UNOSAT analysis is also behind the critical work done by the United Nations to monitor the compliance by warring parties in Syria of Security Council resolutions on access to people in need and the prohibition of the military use of schools and hospitals. Each month the UN Office for the Coordination of Humanitarian Affairs prepares a report based on monitoring done on the ground but also on UNOSAT imagery analysis of areas that cannot be accessed due to security concerns.

Nowadays, when it comes to areas that are impossible to reach for humanitarian teams, satellite analysis is accurate enough to represent a good substitute for in-field verification. While only ground verification will offer 100% certainty on the nature and extent of damage, satellite analysis has become an excellent proxy because of the very-high resolution imagery widely available today. For example, UNOSAT produced a damage assessment of the city of Aleppo for UNICEF at a time when access to the area was virtually impossible.

During the Syrian crisis, UNOSAT was also requested to “search” for spontaneous IDP settlements created by groups of people fleeing violence. Today’s commercial satellites such as the French Pleiades and the US WorldView are able to “revisit” locations each day, enabling UNOSAT teams to look for groups of displaced people to confirm the presence of settlements and monitor their movements. The resulting information is used by humanitarian agencies to take decisions, prioritise action and coordinate interventions. In some cases this information can shorten considerably the preparation of a life-saving operation.

Other recent examples of crises in Libya, South Sudan and large disasters in Haiti and Pakistan show how UNOSAT work has put satellite imagery to work by helping agencies and national experts access its added value directly when and where relevant.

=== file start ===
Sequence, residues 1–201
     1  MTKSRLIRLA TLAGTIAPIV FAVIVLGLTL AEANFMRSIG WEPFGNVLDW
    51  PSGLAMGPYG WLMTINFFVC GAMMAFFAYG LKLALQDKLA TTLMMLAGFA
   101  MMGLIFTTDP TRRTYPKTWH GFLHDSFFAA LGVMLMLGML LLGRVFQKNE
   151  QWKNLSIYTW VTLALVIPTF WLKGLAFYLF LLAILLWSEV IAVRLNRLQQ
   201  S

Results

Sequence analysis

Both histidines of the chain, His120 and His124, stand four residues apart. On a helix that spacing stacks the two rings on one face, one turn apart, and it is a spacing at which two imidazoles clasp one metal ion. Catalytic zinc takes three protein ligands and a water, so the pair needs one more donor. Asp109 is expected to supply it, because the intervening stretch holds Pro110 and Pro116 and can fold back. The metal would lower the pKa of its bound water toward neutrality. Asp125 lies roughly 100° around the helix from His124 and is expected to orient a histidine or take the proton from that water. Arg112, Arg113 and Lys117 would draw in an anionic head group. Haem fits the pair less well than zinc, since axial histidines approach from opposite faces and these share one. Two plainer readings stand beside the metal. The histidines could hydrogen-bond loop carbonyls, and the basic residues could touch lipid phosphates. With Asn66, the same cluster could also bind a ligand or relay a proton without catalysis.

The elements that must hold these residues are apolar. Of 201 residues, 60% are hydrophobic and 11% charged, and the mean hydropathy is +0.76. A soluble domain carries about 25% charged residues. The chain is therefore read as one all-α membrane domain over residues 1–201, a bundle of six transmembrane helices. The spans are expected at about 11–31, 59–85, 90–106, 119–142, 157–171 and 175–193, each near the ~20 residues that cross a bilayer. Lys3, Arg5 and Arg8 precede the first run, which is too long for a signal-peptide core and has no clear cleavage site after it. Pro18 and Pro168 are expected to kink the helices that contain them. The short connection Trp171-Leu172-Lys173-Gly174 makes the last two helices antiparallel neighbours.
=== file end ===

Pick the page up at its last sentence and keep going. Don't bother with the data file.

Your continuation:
Since its inception, UNOSAT was designed to become a centre of excellence for the entire UN to take full advantage of technology developments in the areas of GIS and satellite imagery. Its location at CERN and its very close collaboration with CERN IT Division mean that the Programme can benefit from scalable, virtually limitless computing and storing capacity. Born as a research and application centre, UNOSAT is today also and above all an operational capacity centrally located between UN agencies and member states, easily accessible and very responsive. It is also a glimpse of the UN of the future: smart, more efficient and focused on providing help and solutions. A recent comment by UNHCR summarises well this achievement: “UNOSAT colleagues demonstrate a very client-oriented approach, and provide real value”.

Images (from top): Pre and post satellite imagery over Gaza showing the impact of military operations;

a UNOSAT team expert verifies damaged infrastructures in Gaza using an application that sends georeferenced data to UNOSAT servers in Geneva in real time; detail of an IDP camp inside Syria;

the UN Secretary-General at the UNOSAT production centre located at CERN in March 2013.